the time has come. And I think the Italian government has a central role in this. Rome could support the proposals of the Spanish premier Pedro Snchez, which I find very interesting: for example the idea of a perpetual or very long-term debt, perhaps fifty years, of 1,000 or 1,500 billion, put on the budget of the European Central Bank. Recall that the budget of the ECB between 2008 and 2018 went from 1,000 to over 4,500 billion, that is, from 10 per cent to 40 per cent of GDP in the euro area, and this to save banks from a financial crisis that they themselves had helped to provoke.
In your works, you argue that the two world wars in the twentieth century had the side effect of partially reducing inequalities. the same role that Covid-19 virus could now play, an exceptional event capable of provoking an extraordinary response from governments? We should not rely on world wars or epidemics to solve problems. Exceptional events can have many possible outlets: in the past we had the birth of the Welfare State, but also the rise of fascism. I don’t know what will happen now, the crisis could also benefit populists like Marine Le Pen in France or Matteo Salvini in Italy. But nationalism is a poison that also circulates in certain center-left or center-right parties in Northern Europe, those who accuse Southern Europeans of wanting to take advantage of them.
Who will win?
My hope that the voters, given the seriousness of the epidemic, will not want to entrust the power to dangerous clowns like Donald Trump or Jair Bolsonaro. But nothing written in advance. One of the messages that I consider important in my book that economic and financial matters belong to everyone, are not technical topics reserved for specialists. The future depends on all of us.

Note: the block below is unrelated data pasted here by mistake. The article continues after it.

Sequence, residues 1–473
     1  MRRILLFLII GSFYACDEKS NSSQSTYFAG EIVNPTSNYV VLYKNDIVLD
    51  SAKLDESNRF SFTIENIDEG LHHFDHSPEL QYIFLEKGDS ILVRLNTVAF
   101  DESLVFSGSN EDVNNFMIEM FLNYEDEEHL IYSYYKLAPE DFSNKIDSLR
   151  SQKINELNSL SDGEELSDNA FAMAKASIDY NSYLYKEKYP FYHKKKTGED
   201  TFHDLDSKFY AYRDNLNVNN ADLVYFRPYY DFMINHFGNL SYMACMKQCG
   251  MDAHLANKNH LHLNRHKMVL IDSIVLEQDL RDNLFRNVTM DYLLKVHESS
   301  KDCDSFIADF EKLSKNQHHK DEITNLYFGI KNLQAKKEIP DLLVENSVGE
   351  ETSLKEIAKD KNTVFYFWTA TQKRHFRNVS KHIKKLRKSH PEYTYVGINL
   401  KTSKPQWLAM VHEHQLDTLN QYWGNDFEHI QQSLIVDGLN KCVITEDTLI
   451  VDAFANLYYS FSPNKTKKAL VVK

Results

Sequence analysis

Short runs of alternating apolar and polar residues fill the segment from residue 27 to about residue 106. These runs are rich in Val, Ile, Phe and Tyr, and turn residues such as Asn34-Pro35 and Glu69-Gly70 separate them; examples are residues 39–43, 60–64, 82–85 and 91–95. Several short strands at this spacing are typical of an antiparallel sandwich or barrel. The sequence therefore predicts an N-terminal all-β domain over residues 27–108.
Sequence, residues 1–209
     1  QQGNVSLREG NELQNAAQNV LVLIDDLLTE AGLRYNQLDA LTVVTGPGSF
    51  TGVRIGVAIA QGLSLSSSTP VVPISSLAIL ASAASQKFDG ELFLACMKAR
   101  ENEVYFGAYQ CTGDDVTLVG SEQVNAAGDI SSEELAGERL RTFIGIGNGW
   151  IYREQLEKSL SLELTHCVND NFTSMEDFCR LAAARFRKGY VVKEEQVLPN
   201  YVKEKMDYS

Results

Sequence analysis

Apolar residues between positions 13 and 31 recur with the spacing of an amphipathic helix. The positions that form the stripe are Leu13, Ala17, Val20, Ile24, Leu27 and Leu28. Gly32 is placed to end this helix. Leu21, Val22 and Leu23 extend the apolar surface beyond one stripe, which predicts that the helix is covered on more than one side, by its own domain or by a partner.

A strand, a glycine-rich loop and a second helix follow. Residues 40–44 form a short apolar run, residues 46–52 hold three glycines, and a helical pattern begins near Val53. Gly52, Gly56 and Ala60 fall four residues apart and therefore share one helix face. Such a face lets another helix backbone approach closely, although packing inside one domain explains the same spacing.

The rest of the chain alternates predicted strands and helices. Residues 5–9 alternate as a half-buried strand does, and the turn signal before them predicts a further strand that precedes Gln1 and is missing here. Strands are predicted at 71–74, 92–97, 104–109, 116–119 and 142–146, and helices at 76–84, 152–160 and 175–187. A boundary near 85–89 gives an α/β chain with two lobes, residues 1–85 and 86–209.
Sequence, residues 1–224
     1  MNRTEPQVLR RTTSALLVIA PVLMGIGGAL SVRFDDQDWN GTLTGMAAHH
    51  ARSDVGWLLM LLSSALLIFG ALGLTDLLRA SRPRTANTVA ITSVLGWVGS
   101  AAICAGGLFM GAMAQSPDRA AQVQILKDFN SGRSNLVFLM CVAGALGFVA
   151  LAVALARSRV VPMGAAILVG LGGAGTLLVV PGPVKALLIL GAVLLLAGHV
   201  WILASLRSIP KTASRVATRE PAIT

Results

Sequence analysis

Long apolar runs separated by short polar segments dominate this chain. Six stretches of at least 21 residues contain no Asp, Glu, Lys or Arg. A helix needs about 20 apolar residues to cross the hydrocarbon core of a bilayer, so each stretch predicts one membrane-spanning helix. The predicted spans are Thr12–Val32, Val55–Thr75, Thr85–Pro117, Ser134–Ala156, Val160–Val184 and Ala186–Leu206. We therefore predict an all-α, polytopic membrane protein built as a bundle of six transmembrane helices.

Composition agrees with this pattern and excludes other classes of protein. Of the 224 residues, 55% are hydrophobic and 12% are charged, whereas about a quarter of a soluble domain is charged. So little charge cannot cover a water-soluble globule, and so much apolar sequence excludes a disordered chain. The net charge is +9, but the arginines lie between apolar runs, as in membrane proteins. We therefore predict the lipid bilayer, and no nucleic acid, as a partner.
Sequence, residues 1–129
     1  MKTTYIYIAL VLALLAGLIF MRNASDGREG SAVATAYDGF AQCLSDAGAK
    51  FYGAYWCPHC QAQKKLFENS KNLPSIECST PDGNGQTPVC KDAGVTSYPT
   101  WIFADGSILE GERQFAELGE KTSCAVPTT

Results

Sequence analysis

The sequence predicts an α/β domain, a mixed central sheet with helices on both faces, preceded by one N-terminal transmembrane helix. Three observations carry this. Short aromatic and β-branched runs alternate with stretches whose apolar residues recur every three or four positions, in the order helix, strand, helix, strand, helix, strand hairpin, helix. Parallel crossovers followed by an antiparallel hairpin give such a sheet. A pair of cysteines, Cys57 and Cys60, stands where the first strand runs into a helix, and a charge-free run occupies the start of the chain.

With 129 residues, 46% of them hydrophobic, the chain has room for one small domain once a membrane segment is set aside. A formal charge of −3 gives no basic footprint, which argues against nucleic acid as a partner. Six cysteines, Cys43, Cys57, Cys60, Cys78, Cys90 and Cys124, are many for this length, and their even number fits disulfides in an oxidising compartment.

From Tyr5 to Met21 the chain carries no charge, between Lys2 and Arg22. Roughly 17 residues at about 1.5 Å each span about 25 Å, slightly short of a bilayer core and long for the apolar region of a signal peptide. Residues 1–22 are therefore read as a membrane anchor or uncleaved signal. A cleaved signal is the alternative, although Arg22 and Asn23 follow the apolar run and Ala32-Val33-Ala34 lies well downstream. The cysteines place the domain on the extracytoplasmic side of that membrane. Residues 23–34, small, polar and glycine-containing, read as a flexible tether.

After decades of rhetoric of excellence, in your book you are not fond of meritocracy.
The problem that the ideology of meritocracy often embraced by the winners of the education system to blame the losers for their failures: you should have done more, be more deserving, more diligent, better. If the left has detached itself from the popular classes in the last 50 years, precisely because it has become the party of graduates and has abandoned the less privileged. But meritocracy, in current conditions, is a distorted race because the starting conditions are not the same. We must go back to investing in school, university, public education, and really allow more students to study and train effectively. Then we can talk about meritocracy